For a lot of people, Dragon Ball Z was probably one of the first anime shows they ever saw, and it's managed to retain its popularity for quite some time. Robotech marked my first introduction to Japanese animation, but I definitely fall into the same boat of people who didn't have a great deal of interest in the style until after watching Dragon Ball Z.
By the time the video games started to get released in the U.S., my adoration for the series was more or less over, but I still appreciated certain titles, like Dragon Ball Z Budokai, for being fun and showy fighters that played surprisingly well. I realize that the series has seen game iterations going as far back as the Super Nintendo days, but those fighters were my first introduction to the anime in video game form. However, the series that actually kicked off the franchise, Toriyama's original Dragon Ball, hasn't seen nearly as much of the limelight as the second chapter, which is why I found it kind of odd that we're just now getting a DS game based on it. Dragon Ball: Origins is definitely an odd pick for a new DB title, but in the end, it's one of the better entries for the entire franchise, and something that the fans won't want to pass up.
Dragon Ball: Origins features the first two major story arcs from the original Dragon Ball series, so you'll get the first introductions to characters like Bulma and the Red Ribbon army here. We meet Goku in child form as he joins up with Bulma to hunt down the mysterious Dragon Balls that are supposed to grant one wish to whoever manages to hunt down all of them. The game manages to retain a lot of the juvenile humor aspects that made the series so charming, and for the most part, the story is retold exactly as I remember from the original series. Any changes I noticed were pretty minor, and I definitely applaud the developers for selecting territory that hasn't already worn out its welcome (how many times do we need to see the Raditz saga in a video game?).
If you're going into this thinking it will be another fighter like previous games in the series, you're going to be a bit disappointed. This title goes for an adventure feel, with players controlling Goku through various stages as you fight against mostly nameless enemies and creatures while advancing the plot. The majority of the controls are handled entirely by the touch-screen, which lets you move Goku around by dragging the stylus from point to point, and you can attack your enemies simply by tapping or slashing across the screen, depending on whether you want to perform a punch or attack with his staff.
There are some special moves, but in keeping in form with the anime, Goku doesn't really have the same repertoire of over-the-top powers that he gains in Dragon Ball Z. You get a beam attack here and there, and you unlock new abilities as the title progresses, but a lot of them will be used to overcome some of the light puzzles that are scattered throughout the game. All in all, the main game isn't particularly challenging, but the departure from a fighting-centric gameplay formula to the adventure setting is going to put off a few people. Keep in mind that this change stays true to the series, as the original Dragon Ball anime always seemed to be less about the fighting and more about the journey.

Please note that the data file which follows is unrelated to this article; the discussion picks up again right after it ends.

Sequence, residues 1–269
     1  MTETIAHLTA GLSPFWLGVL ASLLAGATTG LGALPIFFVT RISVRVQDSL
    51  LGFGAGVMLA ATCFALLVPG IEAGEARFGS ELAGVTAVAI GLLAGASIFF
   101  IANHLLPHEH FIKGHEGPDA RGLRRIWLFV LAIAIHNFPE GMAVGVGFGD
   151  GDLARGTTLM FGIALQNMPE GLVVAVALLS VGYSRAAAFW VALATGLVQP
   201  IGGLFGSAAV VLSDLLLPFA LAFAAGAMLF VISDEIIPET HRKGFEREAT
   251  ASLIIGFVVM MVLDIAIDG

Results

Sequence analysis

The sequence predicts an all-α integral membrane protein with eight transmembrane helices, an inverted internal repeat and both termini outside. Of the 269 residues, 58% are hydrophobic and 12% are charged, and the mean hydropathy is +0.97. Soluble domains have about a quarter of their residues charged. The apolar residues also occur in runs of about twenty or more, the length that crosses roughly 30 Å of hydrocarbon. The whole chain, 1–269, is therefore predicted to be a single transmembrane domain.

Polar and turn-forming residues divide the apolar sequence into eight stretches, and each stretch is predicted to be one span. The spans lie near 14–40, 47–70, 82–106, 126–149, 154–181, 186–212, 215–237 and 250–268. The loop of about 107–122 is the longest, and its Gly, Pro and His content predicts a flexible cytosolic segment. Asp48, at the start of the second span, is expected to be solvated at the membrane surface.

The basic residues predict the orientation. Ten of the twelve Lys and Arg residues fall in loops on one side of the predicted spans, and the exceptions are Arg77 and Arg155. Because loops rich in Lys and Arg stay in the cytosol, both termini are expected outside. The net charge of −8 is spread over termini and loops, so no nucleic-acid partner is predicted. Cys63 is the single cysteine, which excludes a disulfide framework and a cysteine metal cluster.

Visually, Dragon Ball: Origins opts for 3-D models instead of traditional 2-D sprite work, and it manages to pay off quite well. There are a lot of cut scenes here in particular, which showcase the artwork really well. They've managed to nail the humor aspects, even going so far as to use the spacing between the DS screens in a way that ties into the comedy, something I'm pretty sure I haven't seen in a DS title to date. It's not groundbreaking material, but it's definitely good enough for a chuckle or two. I think that a lot of the places that you end up traveling to feel a little bland in design, and while I realize the DS can't knock out amazing textures, the large swatches of green and brown really make certain places feel too similar at times. The characters and enemies, though, do a great job of capturing Toriyama's original design work.
The audio, on the other hand, is largely forgettable. There's not much in the way of voice acting here, which doesn't come as a big surprise, but the music doesn't exactly stay with you. It's hardly grating, and works well enough in association with the on-screen antics, but it's not something for which you'll want to pick up a soundtrack in the future.
Altogether, Dragon Ball: Origins isn't quite the Dragon Ball game that fans have come to expect in the last few years, but that doesn't mean it's not one of the better releases that the series has seen in quite some time. The Budokai/Tenkachi series feels pretty stale at this point, and the series could definitely benefit from some new lifeblood being pumped into it. Origins is definitely a step in the right direction; the gameplay fits the nature of the original series well enough, and while it isn't the most challenging or overly original type of adventure game, it manages to be fun and does a great job of capturing the mood of the original Dragon Ball. The gameplay feels like it's lacking any particular "oomph" to it, and while the controls work fine, we've already seen a similar use from games like Phantom Hourglass, and the way they're used here doesn't bring anything new to the table. This is a title that's going to appeal strictly to fans of the franchise more so than the average gamer, and in the long run, I feel like it's hindered a bit by this. It does do a great job of translating some of the original series' appeal, but as a game, it doesn't do enough to make it spectacular.
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